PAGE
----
But pregnancy also brings with it other life changing experiences. When we went in for our first scan at about 11 weeks, my husband and I stared at the screen, seeing that tiny life we had made. I cried, and he saw the abortion debate in a whole new light: there really is a life in there. I love my baby. I loved carrying him, but I wasn’t prepared for how he would change my life.
Thirdly, all too often those who label themselves as pro-life demonstrably aren’t.
[“Only in American can you be pro-death penalty, pro-war, pro-unmanned drone bombs, pro-nuclear weapons, pro-guns, pro-torture, pro-land mines and still call yourself pro-life.” – John Fuglesang]
Or, to put it more constructively:
[“I do not believe that just because you’re opposed to abortion, that that makes you pro-life. In fact, I think in many cases, your morality is deeply lacking if all you want is a child born but not a child fed, not a child educated, not a child housed. And why would I think that you don’t? Because you don’t want any tax money to go there. That’s not pro-life. That’s pro-birth. We need a much broader conversation on what the morality of pro-life is.” – Joan D. Chittister]
As Sister Joan points out, to be “pro-life” requires a much more comprehensive approach to humanity and compassion than simply wishing to force every pregnant woman to carry her baby to term.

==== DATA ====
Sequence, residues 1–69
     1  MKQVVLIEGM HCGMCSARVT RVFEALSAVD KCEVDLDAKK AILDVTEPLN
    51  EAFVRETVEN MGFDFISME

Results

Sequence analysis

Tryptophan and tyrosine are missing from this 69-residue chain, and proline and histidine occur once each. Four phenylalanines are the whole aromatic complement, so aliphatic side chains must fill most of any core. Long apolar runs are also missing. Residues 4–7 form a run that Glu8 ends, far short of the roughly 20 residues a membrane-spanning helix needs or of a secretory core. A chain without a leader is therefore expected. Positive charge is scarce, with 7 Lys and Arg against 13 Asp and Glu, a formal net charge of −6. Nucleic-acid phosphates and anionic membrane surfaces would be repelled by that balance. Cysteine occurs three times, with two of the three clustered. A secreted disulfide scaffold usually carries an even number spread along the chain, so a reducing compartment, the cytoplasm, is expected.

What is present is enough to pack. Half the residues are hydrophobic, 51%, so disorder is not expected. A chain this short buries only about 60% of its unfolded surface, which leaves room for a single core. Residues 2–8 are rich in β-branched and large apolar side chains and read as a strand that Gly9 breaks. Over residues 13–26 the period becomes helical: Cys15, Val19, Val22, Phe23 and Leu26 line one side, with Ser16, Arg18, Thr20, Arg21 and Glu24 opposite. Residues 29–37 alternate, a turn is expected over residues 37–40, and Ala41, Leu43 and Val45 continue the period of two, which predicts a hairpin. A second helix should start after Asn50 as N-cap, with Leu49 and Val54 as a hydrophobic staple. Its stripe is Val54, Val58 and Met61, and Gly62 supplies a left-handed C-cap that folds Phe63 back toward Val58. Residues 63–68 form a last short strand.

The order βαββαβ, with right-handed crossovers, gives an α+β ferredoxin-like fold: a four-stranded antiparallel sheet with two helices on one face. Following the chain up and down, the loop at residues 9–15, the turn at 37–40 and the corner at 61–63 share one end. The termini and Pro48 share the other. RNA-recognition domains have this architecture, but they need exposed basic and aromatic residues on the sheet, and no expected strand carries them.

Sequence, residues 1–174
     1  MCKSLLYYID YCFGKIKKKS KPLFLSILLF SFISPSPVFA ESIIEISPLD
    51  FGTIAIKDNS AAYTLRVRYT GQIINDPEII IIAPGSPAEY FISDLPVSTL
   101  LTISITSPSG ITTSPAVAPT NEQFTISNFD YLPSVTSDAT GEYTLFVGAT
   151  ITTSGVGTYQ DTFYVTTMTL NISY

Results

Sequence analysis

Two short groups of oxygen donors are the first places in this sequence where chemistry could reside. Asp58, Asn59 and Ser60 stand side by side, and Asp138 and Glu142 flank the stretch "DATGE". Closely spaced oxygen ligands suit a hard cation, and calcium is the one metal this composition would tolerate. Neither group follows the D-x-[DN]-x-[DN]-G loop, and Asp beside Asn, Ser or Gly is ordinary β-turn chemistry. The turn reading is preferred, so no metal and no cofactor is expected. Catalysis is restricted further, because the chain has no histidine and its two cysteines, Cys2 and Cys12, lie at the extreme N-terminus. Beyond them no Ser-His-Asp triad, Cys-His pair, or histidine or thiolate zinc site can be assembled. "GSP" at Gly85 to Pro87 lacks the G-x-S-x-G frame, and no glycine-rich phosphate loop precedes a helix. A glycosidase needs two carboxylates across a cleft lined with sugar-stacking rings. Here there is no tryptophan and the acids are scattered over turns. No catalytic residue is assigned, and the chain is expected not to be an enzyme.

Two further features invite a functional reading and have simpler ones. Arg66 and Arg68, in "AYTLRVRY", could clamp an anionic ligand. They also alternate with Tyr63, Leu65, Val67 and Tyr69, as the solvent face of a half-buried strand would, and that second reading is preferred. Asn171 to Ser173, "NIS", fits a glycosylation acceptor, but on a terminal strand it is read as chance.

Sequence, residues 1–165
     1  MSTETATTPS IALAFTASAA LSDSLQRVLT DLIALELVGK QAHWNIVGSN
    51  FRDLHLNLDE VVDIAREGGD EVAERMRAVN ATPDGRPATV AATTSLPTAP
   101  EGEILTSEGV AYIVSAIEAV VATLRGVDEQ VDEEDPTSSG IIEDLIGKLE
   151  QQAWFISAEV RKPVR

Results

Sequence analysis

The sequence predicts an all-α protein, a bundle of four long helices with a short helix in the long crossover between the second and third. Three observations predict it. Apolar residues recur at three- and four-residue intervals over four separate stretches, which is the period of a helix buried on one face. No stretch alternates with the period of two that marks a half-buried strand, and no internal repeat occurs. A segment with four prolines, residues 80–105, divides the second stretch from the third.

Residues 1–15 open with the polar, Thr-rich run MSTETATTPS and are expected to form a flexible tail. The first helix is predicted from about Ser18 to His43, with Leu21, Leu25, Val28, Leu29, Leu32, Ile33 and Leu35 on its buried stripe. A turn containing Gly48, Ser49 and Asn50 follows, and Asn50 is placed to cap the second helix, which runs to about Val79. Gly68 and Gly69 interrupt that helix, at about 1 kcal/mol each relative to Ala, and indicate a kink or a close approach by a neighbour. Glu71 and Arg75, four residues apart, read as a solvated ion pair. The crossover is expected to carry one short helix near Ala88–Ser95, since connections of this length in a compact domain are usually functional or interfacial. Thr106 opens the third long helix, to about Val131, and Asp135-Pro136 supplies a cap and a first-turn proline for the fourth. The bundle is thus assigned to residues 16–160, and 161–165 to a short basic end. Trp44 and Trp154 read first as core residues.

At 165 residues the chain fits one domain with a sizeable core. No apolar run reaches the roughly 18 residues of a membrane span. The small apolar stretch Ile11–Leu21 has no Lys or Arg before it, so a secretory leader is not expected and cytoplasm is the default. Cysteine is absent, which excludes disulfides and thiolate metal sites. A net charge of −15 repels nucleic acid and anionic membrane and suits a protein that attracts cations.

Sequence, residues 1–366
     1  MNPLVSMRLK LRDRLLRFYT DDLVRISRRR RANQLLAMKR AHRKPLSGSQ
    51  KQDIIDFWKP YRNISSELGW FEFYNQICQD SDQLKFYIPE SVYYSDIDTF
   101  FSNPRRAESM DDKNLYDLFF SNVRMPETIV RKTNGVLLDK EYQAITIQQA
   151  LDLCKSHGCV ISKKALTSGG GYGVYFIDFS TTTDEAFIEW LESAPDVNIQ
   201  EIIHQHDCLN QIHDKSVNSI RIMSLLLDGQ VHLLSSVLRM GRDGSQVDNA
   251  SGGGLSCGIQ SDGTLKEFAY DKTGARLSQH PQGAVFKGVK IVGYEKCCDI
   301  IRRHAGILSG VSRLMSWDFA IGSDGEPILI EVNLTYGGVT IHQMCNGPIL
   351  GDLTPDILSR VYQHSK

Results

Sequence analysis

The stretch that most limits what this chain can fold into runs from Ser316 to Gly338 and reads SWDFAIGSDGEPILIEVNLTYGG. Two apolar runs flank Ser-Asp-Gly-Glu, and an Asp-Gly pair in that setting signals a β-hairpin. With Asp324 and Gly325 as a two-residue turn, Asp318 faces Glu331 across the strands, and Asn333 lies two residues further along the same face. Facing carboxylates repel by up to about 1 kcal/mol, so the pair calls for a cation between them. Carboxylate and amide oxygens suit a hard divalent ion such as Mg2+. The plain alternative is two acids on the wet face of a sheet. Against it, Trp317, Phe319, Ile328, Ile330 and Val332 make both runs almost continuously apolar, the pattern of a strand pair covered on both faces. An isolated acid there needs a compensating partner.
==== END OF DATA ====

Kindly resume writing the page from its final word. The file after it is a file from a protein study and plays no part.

Fourthly, when a baby is born, it may be the end of a pregnancy but is the beginning of something else far more challenging. Newborn infants are delicate, helpless and extremely demanding. Since I have had my own baby to nurture, I have heard numerous stories about sleep deprived parents fantasising about throwing the baby across the room or other comparably violent things. Although such things sound horrendous, when the baby is still crying for no discernible reason at 3 am and you’ve had six hours sleep in the last 48 hours such thoughts come to mind all too easily, and this in parents who love their children and wanted them. While it may be horrible to think of the hundreds of thousands of terminated pregnancies, would it be less horrible to see hundreds of thousands of neglected, abused or otherwise traumatised children perpetuating destructive cycles in society because there were no responsible adults to take caring for them seriously?
Caring for a newborn baby demands a level of selflessness and sacrifice that tests a new parent to the core. This may be somewhat mitigated by sharing the burden of care, but the reality of this responsibility is real and important.
As a side note – I realise that for some, simple morality will fix this problem. If people never had sex outside of a relationship that would welcome a child, there would be no ‘unplanned’ pregnancies. However attractive this idea may be, and it may work well for some, it is simply not the reality in our world. Quite apart from what some might condemn as wantonness or promiscuity, sex happens. Whether healthy or not, whether consensual or not, whether in marriage or not, sex happens. Pregnancies will, therefore, also happen. We must find a way to deal with this reality without condemnation, demonisation, shaming or rejection.